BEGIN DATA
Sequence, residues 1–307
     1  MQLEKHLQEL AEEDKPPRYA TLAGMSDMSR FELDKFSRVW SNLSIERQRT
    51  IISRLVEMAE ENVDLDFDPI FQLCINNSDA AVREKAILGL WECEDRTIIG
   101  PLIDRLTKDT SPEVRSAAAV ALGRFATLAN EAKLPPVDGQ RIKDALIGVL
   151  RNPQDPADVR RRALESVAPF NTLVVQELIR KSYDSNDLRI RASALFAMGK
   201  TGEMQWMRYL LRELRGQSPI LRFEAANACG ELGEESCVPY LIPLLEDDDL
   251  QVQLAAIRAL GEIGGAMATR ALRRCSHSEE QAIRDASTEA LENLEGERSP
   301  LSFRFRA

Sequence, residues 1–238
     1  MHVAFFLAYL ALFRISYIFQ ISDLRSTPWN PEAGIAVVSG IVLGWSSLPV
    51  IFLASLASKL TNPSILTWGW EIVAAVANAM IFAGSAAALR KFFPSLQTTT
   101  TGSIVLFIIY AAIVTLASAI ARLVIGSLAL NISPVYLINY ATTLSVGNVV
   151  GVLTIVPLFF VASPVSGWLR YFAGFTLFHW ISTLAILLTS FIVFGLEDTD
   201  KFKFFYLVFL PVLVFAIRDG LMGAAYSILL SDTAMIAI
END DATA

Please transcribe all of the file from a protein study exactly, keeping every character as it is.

Sequence, residues 1–307
     1  MQLEKHLQEL AEEDKPPRYA TLAGMSDMSR FELDKFSRVW SNLSIERQRT
    51  IISRLVEMAE ENVDLDFDPI FQLCINNSDA AVREKAILGL WECEDRTIIG
   101  PLIDRLTKDT SPEVRSAAAV ALGRFATLAN EAKLPPVDGQ RIKDALIGVL
   151  RNPQDPADVR RRALESVAPF NTLVVQELIR KSYDSNDLRI RASALFAMGK
   201  TGEMQWMRYL LRELRGQSPI LRFEAANACG ELGEESCVPY LIPLLEDDDL
   251  QVQLAAIRAL GEIGGAMATR ALRRCSHSEE QAIRDASTEA LENLEGERSP
   301  LSFRFRA

Sequence, residues 1–238
     1  MHVAFFLAYL ALFRISYIFQ ISDLRSTPWN PEAGIAVVSG IVLGWSSLPV
    51  IFLASLASKL TNPSILTWGW EIVAAVANAM IFAGSAAALR KFFPSLQTTT
   101  TGSIVLFIIY AAIVTLASAI ARLVIGSLAL NISPVYLINY ATTLSVGNVV
   151  GVLTIVPLFF VASPVSGWLR YFAGFTLFHW ISTLAILLTS FIVFGLEDTD
   201  KFKFFYLVFL PVLVFAIRDG LMGAAYSILL SDTAMIAI